Create new partition on Kindle Touch

This is mostly based on the Repartitioning Kindle Filesystem thread on Mobileread, closely following eureka instructions (at least, in theory). Thanks!

eureka main idea is described at post.

Below, list the commands/steps that I have used on my kt2. This is not a how-to.

First, a backup of the files on the kindle userstore partition. This is the partition that is normally seen when the kindle is connected via usb to a computer. The new partition will be created from this userstore partition. (The files on userstore partition will have to be restored from the backup) Note: do not use wifi, for the kindle can auto-upgrade!

Pre-requisite: Kindle fw 5.6.5 jailbreak

Ssh into kindle:

unmount userstore parition:

/etc/upstart/userstore stop

create 2 partitions in /dev/mmcblk0p4 , (originally it contains only the userstore partition) The sfdisk option -uS means the unit is Sectors.

sfdisk -q --force -uS /dev/mmcblk0p4 <<EOI

From the sfdisk man page,

sfdisk reads lines of the form
\<start> \<size> \<id> \<bootable> ..
where each line fills one partition descriptor.

Here, I retain the original start sector 16, id of b , used for the userstore partition; and set the userstore partition size to be 3198944 sectors.

And the new Linux partition start sector is 3198976, and the remaining size is used for the new partition. (default id means Linux partition) There is an unused gap of 16 sectors between the first and new partitions. (3198976 - (16 + 3198944) = 16) There is no reason for this unused gap. (except maybe for the sake it mirrors the userstore start sector of 16)

remove mntus.params and remount userstore partition:

rm /var/local/system/mntus.params
/etc/upstart/userstore start

The userstore start script will auto-generate the mntus.params file if it does not exist.

mount and format the new partition with block-size of 1024:

losetup -o 1637875712 /dev/loop/8 /dev/mmcblk0p4
mkfs.ext3 -b 1024 /dev/loop/8
losetup -d /dev/loop/8

The relative offset in bytes used in losetup = 3198976 * 512 = 1637875712

Note: eureka thinks ext3 filesystem should be aligned on 4MB (4194304 = 4 * 1024 * 1024) and have block of 1024 bytes. (I dun have much idea about hardware)

Offset of /dev/mmcblk0p4 (in sectors) is in /sys/class/block/mmcblk0p4/start ( mine = 1249280)
Relative offset of new partition to /dev/mmcblk0p4 is 3198976 .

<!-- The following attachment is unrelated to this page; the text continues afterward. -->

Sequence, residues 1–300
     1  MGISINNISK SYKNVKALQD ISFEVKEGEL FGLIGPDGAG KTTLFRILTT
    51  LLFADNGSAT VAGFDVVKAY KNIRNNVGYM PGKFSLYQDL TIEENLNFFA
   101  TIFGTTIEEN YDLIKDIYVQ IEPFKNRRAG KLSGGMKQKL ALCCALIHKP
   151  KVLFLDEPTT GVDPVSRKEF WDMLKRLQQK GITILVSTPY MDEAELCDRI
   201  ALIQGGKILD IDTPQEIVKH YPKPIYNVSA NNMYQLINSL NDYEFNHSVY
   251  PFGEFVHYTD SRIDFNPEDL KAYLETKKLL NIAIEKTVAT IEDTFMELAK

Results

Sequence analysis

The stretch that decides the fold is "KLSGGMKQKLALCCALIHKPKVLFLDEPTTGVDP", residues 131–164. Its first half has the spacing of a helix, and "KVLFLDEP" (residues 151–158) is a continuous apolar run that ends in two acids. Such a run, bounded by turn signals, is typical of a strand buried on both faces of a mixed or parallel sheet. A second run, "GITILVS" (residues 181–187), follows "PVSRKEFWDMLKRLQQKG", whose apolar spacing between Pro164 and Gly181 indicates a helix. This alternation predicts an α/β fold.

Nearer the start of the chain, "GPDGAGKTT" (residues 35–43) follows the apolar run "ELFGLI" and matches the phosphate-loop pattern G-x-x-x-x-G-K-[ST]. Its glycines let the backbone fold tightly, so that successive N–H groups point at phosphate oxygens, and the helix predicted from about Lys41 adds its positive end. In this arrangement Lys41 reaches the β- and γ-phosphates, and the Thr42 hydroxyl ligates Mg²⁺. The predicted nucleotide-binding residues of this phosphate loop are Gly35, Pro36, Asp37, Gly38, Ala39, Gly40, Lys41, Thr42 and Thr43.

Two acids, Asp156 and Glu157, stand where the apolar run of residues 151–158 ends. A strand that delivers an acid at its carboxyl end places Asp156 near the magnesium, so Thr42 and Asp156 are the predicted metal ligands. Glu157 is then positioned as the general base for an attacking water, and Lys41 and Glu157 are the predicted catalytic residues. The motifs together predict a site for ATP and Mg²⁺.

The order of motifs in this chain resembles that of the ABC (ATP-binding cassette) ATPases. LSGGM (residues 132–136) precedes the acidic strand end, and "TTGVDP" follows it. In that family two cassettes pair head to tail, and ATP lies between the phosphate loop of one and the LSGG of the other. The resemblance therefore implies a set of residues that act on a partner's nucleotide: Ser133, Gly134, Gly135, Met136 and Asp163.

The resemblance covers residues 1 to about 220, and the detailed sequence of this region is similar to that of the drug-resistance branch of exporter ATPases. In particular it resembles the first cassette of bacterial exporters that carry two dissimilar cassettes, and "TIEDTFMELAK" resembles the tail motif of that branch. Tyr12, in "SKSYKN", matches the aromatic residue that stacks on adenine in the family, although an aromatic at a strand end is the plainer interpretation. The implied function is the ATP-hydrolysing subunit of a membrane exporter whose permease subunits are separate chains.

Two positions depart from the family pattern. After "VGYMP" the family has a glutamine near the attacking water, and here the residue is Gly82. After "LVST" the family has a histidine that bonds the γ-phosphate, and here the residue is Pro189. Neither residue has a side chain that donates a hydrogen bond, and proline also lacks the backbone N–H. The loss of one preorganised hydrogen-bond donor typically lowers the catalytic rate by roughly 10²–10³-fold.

Absolute offset of new partition in bytes = (1249280 + 3198976) * 512 = 2277507072
and 2277507072L/4194304.0 = 543.0 , so my new Linux filesystem is aligned on 4MB. Actually, the new Linux partition start sector of 3198976 is pre-calculated to align on 4MB.

In my case, the 2 partitions are almost equivalent in size, with the new userstore partition slightly larger than the new Linux partition.

mount the new partition on a path:

mntroot rw
cd /mnt
mkdir deb
chmod 755 deb
losetup -o 1637875712 /dev/loop/8 /dev/mmcblk0p4
mount -t ext3 /dev/loop/8 /mnt/deb

If the kindle is rebooted, the new partition will not be mounted automatically. To do so, we need to create an upstart script.

create file /etc/upstart/deb.conf to auto-mount the partition onboot:

    start on started filesystems
stop on stopping filesystems
pre-start script
source /etc/upstart/functions
PART_START=`sfdisk --force -l -uS /dev/mmcblk0p4 | grep /dev/mmcblk0p4p2 | awk /mmcblk0p4/\ '{ print $2 }'`
PART_OFFSET=`expr ${PART_START} \* 512`
losetup -o ${PART_OFFSET} /dev/loop/8 /dev/mmcblk0p4
mount -t ext3 /dev/loop/8 /mnt/deb
f_log I deb mount "deb is mounted"
if [ -e /mnt/deb/var/lib/dpkg ]; then
ln -s /mnt/deb/var/lib/dpkg /var/lib/dpkg
if [ -e /mnt/deb/root/.config ]; then
ln -s /mnt/deb/root/.config /var/tmp/root/.config
end script
post-stop script
source /etc/upstart/functions
umount /mnt/deb
losetup -d /dev/loop/8
f_log I deb umount "deb is unmounted"
end script

In the deb.conf script, the relative offset used by losetup is computed into PART_OFFSET variable, instead of using the hardcoded number. Note: after a kindle upgrade, this file /etc/upstart/deb.conf will be gone, and will need a manual restore.

The extra script after mount, is to auto-link some paths into the new partition, if those paths exist. Those are added subsequently.

At this point, I have forgotten something. I have only come to realize it later, after I check that the reported userstore disk space seems to remain the same as before instead of being about half the original size.

I have forgotten to re-format the userstore partition filesystem.

This is the script to re-format the userstore partition (extracted from userstore script), saved or copied it as ~/vfat and make it executable,

. /etc/sysconfig/mntus
. /var/local/system/mntus.params
MNTUS_PART_START_SECTOR=`cat /sys/class/block/mmcblk0p4/start`
mntus umount

The auto-generated mntus.params file will include MNTUS_PART_SIZE , the userstore new partition size, so after running the script, the reported userstore disk space should be now correct (eg. use df to check).

/etc/upstart/userstore stop
/etc/upstart/userstore start

Except for a kindle system userstore partition re-creation, the new Linux partition is now safe to use. At last, the backup files can be copied back to the new userstore partition.


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